Plus, consider this: If your seasonal employees regularly share an account, and you’ve never changed the password to that account, any seasonal hire who has ever worked for you can still access your system. 

 

Tip 3: Implement security best practices like MFA

When most people think of someone breaking into a corporate network, they likely conjure the image of a hoodie-clad hacker pounding away at the keyboard, then proudly announcing “I’m in!” 

In reality, systems don’t pose the greatest risk to your security — users do. 81% of hacking incidents utilize weak and stolen passwords, while malicious insiders and user errors stand as the top two threats to enterprise security.

Bad security practices like account-sharing and weak passwords often don’t stem from laziness or neglect. On the contrary, they are step-saving measures that make it easier to be productive. Implementing security controls almost always adds more clicks or steps to your employees’ work, making their lives harder in small but noticeable ways. For this reason it is crucial to consider which controls to add that will offer the most security with the least complication for your workers.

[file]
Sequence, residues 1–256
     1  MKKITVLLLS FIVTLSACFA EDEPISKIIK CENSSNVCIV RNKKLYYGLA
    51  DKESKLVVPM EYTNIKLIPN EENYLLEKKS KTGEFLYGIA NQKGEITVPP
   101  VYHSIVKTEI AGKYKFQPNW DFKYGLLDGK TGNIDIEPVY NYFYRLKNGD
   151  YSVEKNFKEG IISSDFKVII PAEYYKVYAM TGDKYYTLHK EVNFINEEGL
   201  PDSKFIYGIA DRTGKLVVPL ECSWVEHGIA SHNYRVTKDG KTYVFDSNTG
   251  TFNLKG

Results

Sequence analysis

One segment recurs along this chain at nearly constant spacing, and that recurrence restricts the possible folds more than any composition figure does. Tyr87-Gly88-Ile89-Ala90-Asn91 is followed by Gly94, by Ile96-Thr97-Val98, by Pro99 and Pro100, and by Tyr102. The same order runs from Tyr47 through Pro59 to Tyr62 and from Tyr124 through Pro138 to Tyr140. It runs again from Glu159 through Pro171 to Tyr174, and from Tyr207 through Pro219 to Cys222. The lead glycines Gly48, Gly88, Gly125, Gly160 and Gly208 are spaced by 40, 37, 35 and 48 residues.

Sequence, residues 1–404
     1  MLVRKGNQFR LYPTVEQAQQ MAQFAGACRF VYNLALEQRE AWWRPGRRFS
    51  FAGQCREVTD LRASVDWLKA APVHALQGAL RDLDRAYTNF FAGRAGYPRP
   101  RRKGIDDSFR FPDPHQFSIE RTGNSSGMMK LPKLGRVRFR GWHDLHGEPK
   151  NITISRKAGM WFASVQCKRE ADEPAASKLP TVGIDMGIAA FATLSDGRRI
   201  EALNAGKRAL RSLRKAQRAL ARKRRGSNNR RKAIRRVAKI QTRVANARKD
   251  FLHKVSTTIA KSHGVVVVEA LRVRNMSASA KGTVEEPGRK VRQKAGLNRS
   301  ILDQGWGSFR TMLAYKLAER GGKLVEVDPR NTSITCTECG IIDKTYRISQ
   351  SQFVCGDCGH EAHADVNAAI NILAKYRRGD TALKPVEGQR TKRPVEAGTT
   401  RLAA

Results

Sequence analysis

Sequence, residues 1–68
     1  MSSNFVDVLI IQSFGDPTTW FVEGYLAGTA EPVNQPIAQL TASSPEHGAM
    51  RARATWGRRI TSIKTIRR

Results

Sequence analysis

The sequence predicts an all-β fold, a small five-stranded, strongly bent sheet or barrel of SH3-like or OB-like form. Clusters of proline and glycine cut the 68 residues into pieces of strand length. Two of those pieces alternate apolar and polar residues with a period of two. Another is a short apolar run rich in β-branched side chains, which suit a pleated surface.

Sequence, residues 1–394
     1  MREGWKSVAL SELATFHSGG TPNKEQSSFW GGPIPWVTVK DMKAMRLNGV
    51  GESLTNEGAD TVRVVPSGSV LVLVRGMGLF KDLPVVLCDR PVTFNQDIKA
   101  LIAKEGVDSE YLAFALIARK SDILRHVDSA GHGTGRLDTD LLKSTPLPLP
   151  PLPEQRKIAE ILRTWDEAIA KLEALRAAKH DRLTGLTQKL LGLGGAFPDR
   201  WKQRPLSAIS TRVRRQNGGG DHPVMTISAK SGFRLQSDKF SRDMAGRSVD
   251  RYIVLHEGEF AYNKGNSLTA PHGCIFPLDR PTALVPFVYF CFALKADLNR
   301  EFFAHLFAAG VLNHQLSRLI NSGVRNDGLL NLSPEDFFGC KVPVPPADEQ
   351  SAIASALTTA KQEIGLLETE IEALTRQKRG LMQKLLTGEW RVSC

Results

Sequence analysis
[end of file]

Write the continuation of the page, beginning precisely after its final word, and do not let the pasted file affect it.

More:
Multi-factor authentication (MFA) is a security best practice that may give you the most bang for your effort. When MFA is enabled, users will need to provide two or more verification factors in order to gain access to a desired resource. This helps counteract the effect of weak and easily cracked passwords.

MFA isn’t a cure-all, but bad actors are often looking for the path of least resistance. If you’ve implemented MFA for both your regular and seasonal employees, most attackers will likely move on to find a victim with a more vulnerable access point.